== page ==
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PM promises new homes for first-time buyers

Thousands of new homes to help first-time buyers on to the property ladder will be built on brownfield land, Theresa May will announce on Tuesday.

In her second big housing pledge in as many days, the Prime Minister will announce support for people aged between 23 and 40 to buy their first homes by helping 30 areas around the country to unlock land to build on.

The new homes will be started early this year and be available to buy from 2018, ministers have said. The housing will also help to reinvigorate town centres through new investment and development of green spaces.

Theresa May promised earlier this week that 14 new garden villages and three new garden towns would be built across Britain CREDIT: GETTY
It follows a promise Mrs May made earlier this week to build 14 new garden villages and three new garden towns across Britain. The project is designed to boost housing stock quickly to help tackle a shortage of homes.

Mrs May has promised to focus her efforts as Prime Minister on helping those who are “just about managing” to make ends meet, and those who are struggling to get on the property ladder or save enough for a deposit.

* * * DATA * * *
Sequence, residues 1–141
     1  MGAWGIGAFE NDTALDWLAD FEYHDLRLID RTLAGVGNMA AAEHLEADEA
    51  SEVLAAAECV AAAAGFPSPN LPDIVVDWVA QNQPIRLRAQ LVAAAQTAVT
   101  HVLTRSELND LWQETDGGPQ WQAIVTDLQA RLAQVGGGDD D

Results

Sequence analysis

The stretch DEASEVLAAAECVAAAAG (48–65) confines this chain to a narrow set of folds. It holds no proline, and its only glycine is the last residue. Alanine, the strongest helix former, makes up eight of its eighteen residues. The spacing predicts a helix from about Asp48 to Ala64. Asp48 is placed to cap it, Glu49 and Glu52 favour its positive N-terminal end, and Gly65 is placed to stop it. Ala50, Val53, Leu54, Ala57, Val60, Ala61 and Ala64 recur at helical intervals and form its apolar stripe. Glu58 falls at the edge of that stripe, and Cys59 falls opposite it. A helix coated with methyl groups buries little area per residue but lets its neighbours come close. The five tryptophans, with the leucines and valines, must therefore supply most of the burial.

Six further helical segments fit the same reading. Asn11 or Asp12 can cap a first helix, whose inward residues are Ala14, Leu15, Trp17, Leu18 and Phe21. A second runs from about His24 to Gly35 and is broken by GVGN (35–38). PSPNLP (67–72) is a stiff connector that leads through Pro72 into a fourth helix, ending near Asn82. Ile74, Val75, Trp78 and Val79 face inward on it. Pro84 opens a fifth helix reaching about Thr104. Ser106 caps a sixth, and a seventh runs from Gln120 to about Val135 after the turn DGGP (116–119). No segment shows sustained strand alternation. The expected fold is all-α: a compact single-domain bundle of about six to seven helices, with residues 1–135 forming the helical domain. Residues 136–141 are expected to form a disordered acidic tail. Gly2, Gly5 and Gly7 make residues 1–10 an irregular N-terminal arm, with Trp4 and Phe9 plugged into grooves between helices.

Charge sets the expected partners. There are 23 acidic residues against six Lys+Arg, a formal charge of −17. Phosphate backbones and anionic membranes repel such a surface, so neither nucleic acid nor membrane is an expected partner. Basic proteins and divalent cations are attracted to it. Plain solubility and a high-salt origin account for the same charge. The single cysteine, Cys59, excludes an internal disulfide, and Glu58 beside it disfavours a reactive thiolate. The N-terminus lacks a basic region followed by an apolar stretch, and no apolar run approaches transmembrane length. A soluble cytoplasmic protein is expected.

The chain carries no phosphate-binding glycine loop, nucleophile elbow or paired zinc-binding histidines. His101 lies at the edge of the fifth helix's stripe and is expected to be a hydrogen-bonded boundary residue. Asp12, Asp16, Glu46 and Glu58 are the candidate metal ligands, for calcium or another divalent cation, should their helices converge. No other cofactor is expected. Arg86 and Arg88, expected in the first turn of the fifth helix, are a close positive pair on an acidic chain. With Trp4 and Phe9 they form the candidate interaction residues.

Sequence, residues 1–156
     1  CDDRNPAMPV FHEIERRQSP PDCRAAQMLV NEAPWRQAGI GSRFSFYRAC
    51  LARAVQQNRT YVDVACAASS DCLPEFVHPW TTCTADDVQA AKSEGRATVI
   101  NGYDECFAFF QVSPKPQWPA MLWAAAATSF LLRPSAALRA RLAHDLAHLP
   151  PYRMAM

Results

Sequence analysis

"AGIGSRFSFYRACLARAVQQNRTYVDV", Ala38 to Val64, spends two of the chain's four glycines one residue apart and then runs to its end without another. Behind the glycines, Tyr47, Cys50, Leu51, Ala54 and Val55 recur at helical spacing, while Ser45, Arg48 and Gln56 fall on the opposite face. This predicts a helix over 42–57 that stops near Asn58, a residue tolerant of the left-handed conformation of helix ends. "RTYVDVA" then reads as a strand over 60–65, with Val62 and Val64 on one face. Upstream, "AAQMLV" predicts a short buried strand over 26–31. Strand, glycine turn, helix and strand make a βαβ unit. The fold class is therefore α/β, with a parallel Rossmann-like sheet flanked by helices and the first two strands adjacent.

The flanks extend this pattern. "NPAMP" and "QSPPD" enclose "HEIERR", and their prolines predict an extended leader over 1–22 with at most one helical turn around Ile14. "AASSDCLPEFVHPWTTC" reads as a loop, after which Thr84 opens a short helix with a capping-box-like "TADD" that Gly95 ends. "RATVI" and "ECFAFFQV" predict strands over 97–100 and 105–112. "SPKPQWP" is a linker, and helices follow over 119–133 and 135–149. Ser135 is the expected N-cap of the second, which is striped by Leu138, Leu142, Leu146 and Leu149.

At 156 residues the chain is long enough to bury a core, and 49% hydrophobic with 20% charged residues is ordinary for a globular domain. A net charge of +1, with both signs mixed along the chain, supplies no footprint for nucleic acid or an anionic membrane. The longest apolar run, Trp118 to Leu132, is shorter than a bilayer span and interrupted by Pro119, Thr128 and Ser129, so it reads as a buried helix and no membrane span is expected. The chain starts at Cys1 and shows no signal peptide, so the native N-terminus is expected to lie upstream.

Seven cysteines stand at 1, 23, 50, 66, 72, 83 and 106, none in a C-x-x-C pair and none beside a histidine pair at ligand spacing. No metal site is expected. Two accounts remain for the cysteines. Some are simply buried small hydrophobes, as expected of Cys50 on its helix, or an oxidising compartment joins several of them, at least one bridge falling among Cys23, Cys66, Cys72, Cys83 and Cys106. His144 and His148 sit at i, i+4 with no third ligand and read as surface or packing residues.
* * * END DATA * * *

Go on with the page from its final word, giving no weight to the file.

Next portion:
Announcing the starter homes package today, housing minister Gavin Barwell will say: “This government is committed to building starter homes to help young first-time buyers get on the housing ladder.


“This first wave of partnerships shows the strong local interest to build thousands of starter homes on hundreds of brownfield sites in the coming years. One in three councils has expressed an interest to work with us so far.”
Watch | New garden villages could provide 48,000 homes
The homes will be given financial support from the Government and will be sold by developers at a 20 per cent discount to help young people who have saved to get a mortgage.

Thirty new partnerships with local councils will be announced on Tuesday, chosen for their potential for early completion. Many more authorities applied to the fund for help to develop brownfield sites and 71 have already received investment.

But John Healey, Labour’s shadow housing secretary, said: “These so-called ‘starter homes’ are a symbol of the Conservative record on housing.

“Ministers launched them in 2014 but will only start to build the first in 2017, promised they’d be affordable for young people when they’ll cost up to £450,000, and pledged to build 200,000 by 2020, but no one now believes that’s possible.”

Liverpool is one of the councils which has won funding for new homes
The £1.2 billion Starter Home Land Fund, which was established in April last year, is designed to support the  “acquisition, remediation and de-risking” of land suitable for housing around the country, ministers said.

Councils, including those in Liverpool, Plymouth, Worthing and Blackpool, and the City of London, have made successful bids.

Roger Harding, a director of housing charity Shelter, said: “Efforts to build more homes are welcome but these starter homes are only likely to benefit people who are better off and already close to buying.

“Sadly they will do little to help the many millions of people on middle and low incomes who need somewhere genuinely affordable to buy or rent long term.”

He said the new homes should be in addition to, but should not replace, other affordable housing.

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